"Imagine that your children's behavior is a coded message. To break the code, translate what they are doing into a sentence that starts with "I need__________" or "I feel _______."  Fill in the blank, and then respond to that need or feeling, not the behavior." -- Dr. Larry Cohen
Sometimes we all make choices that make us feel bad about ourselves. Whether it's more cake, that comment to our spouse, sleeping through the alarm clock, or yelling at our kid, we know better but do it anyway.  Why?  We're driven by some unmet need or unaddressed feeling. If we can fill that need or resolve that feeling, we can change our behavior.

Your child is no different. Punishing him for acting on his unmet needs or turbulent feelings only gets temporary obedience, if that.  Addressing the need or feeling eliminates the source of the misbehavior and allows your child to make choices that make him feel good about himself. How?

To cranky toddler:  "Nothing seems to be going right for you this morning after we stayed up so late last night....I think we need an early nap so you can get rid of your crankiness and enjoy your afternoon."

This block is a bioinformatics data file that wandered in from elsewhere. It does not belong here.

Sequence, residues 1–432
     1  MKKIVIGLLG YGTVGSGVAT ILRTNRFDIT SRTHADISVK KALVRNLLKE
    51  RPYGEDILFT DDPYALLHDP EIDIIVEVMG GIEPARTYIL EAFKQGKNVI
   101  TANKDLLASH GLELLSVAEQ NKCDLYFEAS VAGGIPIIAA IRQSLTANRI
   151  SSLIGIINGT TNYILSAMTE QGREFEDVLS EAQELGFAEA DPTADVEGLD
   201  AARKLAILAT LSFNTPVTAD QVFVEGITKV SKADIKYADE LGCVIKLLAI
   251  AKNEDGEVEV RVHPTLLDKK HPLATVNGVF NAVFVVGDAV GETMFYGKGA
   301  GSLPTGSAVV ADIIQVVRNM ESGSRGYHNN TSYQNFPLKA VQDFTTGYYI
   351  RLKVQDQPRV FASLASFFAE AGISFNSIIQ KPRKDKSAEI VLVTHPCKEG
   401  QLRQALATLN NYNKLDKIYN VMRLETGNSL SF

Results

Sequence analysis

To angry four year old: "You're yelling and very upset....I can hold this pillow for you to hit....I will stay with you while you let out all your angry and sad's ok....everybody needs to cry sometimes..."

To whining seven year old: "You've been trying to get my attention all day....I'm closing my computer.  You have my undivided attention for twenty minutes. What should we do?"

To moping nine year old: "You seem sad and bored to me. I miss our special times together, since our family has gotten so busy with everyone's schedules. When the little ones nap today, let's have special time for just you and me."

To anxious twelve year old: "You're having a hard time falling asleep at night now, aren't you? That often happens with kids your age.  There's a lot going on --- your body changing, your friendships shifting, school getting harder.  Even I must seem different -- I'm still trying to figure out how to be a good parent for a kid who's growing up so fast but is still my little girl...Can I lie down with you for a bit at bedtime so we can chat for awhile?"

To disrespectful fourteen year old: "I notice you're snapping at me lately.... you know we don't talk to each other that way in this's not like you to be disrespectful....I'm wondering if this is because you've been wanting more independence and I've been saying no to things you want to do....come sit with me on the couch and let me rub your shoulders....Let's talk about how you can have the independence you want and I can still trust that you're safe."